Eastern Art Online, Yousef Jameel Centre for Islamic and Asian Art

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Temple hanging depicting scenes from the Ramayana


    • currently in research collection

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Publications online

  • Indian Art in the Ashmolean Museum by J. C. Harle and Andrew Topsfield

    Indian Art in the Ashmolean Museum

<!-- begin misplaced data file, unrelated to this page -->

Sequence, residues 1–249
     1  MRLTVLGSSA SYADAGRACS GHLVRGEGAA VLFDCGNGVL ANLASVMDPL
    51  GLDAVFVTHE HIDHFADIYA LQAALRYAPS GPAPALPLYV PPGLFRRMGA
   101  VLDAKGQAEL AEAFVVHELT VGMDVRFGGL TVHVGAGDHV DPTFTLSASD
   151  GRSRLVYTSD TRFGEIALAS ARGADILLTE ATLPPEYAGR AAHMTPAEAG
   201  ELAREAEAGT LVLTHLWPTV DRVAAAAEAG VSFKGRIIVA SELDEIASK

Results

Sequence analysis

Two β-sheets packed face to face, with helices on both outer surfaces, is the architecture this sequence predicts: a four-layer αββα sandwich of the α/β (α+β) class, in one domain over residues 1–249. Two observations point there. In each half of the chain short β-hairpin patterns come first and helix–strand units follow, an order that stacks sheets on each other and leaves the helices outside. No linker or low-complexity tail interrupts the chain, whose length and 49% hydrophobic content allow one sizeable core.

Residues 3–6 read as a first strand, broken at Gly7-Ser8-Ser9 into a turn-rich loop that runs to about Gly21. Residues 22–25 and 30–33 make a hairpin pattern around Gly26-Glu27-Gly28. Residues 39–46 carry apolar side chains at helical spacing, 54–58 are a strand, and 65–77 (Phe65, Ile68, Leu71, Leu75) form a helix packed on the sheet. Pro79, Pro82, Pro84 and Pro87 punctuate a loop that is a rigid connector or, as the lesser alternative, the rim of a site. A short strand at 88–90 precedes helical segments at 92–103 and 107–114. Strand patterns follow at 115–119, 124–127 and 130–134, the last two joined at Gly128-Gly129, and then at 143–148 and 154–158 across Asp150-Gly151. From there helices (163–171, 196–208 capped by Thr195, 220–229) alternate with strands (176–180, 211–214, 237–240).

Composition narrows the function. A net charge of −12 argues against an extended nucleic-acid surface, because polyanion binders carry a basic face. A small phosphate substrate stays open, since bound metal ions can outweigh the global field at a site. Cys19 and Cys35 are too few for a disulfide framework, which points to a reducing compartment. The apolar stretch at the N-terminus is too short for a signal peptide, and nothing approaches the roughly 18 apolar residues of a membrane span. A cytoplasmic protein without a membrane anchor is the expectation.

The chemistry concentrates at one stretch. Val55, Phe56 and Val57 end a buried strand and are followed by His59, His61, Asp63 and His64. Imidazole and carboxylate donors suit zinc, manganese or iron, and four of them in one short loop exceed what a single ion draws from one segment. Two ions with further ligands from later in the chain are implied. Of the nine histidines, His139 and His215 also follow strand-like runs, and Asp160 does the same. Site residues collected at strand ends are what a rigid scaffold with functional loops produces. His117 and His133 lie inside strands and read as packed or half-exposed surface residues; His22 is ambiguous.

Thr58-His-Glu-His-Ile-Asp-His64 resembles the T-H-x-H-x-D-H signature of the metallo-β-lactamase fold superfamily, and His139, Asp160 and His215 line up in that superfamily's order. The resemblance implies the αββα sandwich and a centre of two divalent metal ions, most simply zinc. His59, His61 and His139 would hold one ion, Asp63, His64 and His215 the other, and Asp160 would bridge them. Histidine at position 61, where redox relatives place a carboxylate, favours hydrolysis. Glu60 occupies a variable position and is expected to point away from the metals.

Temple-hangings of this type had a didactic purpose, surrounding the central panel showing the deity with numerous mythological narrative scenes arranged in compartmented registers in the manner of a cartoon strip. Their stylistic conventions followed local traditions of temple mural-painting, which in the far south were untouched by Mughal influences from northern India. The outlines were stenciled on the cotton ground and then freely painted by hand with dye-colours; the mordant dyeing process was also used for some colours. In this hanging the central panel depicts the god Rāma enthroned with his wife Sītā and attended by his three brothers, under an arching canopy supporting three gopura (temple towers) and celestial figures. Scenes from the Rāmāyaṇa epic occupy eight registers, divided by narrow bands inscribed with Telegu commentary. The overall effect is somberly rich and eventful, even though the pictorial forms have become stereotyped by the late 19th century. A comparable example is in the Victoria and Albert Museum (I.S.75-1886, purchased from the 1886 Colonial and Indian Exhibition; see Jayakar and Irwin) and a more modern version is in the Calico Museum of Textiles, Ahmedabad (see Irwin and Hall).

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